Well, autumn seems to have arrived – golden leaves are appearing across the Museum and we’ve been basking in warm sunshine for over a week! Rain last week did reveal that the gutters that need attention on site (an ongoing job), which are a mixture of cleaning and renewal. Through the summer a quantity of wooden guttering has been purchased and painted in readiness for installing over the colder seasons, so this is something the Site Support guys will be starting shortly. Meanwhile, here is the usual review of what’s happening in the department…
Duke of Sutherland Saloon 58A
Below: After and Before – moving 58A to reveal the unpainted sections of its wheels gave the opportunity for this view of one of its Mansell wheelsets – the left has been stripped/scarped, painted and varnished whilst the right hand is exactly as it arrived. The white wall tyres (a personal ‘hate’ of mine!) were added later in the coach’s life and won’t be a feature of this restoration! The varnished teak shows the composite construction of this type of wheel, which was designed to reduce noise in operation.
Below: A drawing, including cross-section, of this type of wheel.
Here is the latest sequence of photographs from RHEC Technician (Engineering) Chris Armstrong, which show the variety of work which passes through the welding/fabrication bay and machine shop.
Below: This sequence of photos shows the clutch ‘thrust’ face for the Fordson N tractor, which, as seen in the first view, was badly worn and inhibiting clean gear selection. Chris built this up with brass (second photo) then machined it to original tolerances (third and fourth photos) enabling the tractor to be re-commissioned in time for the Festival of Agriculture.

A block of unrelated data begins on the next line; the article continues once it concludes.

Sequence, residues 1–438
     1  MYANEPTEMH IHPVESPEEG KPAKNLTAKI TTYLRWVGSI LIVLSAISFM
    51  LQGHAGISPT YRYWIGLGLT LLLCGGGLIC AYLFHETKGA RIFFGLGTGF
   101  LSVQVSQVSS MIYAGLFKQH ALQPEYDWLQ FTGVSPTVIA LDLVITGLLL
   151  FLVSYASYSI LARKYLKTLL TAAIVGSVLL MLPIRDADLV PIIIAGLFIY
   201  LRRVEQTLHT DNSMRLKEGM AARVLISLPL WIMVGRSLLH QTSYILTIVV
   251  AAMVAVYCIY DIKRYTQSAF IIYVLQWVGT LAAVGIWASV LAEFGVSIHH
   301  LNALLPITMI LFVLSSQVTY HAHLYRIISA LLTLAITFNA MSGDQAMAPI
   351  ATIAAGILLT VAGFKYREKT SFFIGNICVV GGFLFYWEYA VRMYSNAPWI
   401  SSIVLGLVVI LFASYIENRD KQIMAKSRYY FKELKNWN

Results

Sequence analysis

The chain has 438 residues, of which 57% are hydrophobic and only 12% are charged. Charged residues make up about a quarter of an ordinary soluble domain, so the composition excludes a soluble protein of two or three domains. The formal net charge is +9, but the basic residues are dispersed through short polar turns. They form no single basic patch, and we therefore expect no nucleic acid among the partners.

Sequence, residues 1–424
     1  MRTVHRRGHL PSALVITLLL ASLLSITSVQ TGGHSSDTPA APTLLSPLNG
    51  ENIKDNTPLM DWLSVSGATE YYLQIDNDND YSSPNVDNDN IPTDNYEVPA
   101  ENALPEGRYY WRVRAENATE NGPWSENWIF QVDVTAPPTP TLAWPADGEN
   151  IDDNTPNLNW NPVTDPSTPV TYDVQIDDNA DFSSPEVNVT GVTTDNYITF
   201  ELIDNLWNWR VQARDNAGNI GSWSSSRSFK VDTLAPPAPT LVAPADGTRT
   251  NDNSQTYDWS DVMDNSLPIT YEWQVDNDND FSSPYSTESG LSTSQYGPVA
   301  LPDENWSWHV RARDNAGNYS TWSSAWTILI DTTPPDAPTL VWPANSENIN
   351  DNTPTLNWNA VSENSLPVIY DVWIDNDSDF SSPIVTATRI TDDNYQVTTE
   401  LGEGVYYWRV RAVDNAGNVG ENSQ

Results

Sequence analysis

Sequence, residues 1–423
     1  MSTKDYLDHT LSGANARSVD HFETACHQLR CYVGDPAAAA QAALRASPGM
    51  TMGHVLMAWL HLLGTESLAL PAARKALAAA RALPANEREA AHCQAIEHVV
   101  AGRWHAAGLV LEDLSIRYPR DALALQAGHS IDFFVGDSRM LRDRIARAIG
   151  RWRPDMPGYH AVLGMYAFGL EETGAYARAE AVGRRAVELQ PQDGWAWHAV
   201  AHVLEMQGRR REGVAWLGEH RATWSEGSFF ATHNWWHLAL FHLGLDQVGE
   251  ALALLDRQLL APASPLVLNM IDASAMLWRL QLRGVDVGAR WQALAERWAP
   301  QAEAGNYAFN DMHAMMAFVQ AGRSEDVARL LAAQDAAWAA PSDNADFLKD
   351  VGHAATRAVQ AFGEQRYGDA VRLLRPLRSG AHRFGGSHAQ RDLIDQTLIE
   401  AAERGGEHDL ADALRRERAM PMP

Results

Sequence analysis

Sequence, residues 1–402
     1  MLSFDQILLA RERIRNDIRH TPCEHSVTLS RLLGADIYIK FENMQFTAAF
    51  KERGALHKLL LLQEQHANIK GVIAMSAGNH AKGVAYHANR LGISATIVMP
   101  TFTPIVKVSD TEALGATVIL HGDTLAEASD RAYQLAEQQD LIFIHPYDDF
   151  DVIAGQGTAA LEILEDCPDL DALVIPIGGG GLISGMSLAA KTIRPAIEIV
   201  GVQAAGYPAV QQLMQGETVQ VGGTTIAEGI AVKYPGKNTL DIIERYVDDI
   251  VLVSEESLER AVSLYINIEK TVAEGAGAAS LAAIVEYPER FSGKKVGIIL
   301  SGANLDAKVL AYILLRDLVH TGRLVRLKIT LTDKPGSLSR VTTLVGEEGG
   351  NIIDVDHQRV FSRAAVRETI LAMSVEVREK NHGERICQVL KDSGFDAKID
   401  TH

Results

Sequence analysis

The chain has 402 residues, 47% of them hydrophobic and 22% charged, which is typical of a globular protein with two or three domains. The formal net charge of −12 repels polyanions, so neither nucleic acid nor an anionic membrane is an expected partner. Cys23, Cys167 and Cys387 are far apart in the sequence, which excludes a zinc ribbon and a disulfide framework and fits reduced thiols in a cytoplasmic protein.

Below: Chris then had this aged radiator header tank to repair, including building up the base plate in order that a good fit can be achieved onto the core. The sequence shows the tank as received, then new plate being added and clamped ready for welding, the third view shows the plate after the weld as made and finally we see the finished work after cleaning up and dressing – pretty impressive stuff and a component nicely recovered for future use…
Below: Also in the latest batch of Chris’ photographs are these two views showing pull-rods from Sheffield 264 – these are re-pinned in order to remove excessive play from the pulleys over which brake chains run. The pulleys themselves have also been re-bushed, as seen in the first photograph.
Below: And finally in this sequence, Chris and Dave Young have both been manufacturing substantial unions for Puffing Billy. The steel pipework and fittings within the ‘egg end’ of the boiler (for clacks, steam feeds etc.) are life expired and the decision was taken to renew these in copper, for longevity, thus requiring some bespoke fittings. Dave kicked things off making two, followed by Chris making two more and then ensuring all were compatible with each other (for Dave G’s benefit when he comes to fit them!).
Below: I referred in an earlier post to the work underway on Dunrobin’s frames and bogie, but hadn’t any photos with which to illustrate this. Chris Armstrong took these when we were at the SVR so hopefully they fill the gap. The first shows the pedestal for the bogie after the known crack was welded, dressed and tested (the white powder is for magnetic particle inspection).
Below: An overview of the frames which are now being prepared for removal of some of the riveted fittings in order that these can be reattached securely. We are also told the cylinder block will be ready imminently and so the delivery of this to Bridgnorth is eagerly awaited…
Below: The fully stripped bogie awaiting repairs to re-secure some of the components that form the horns/stays.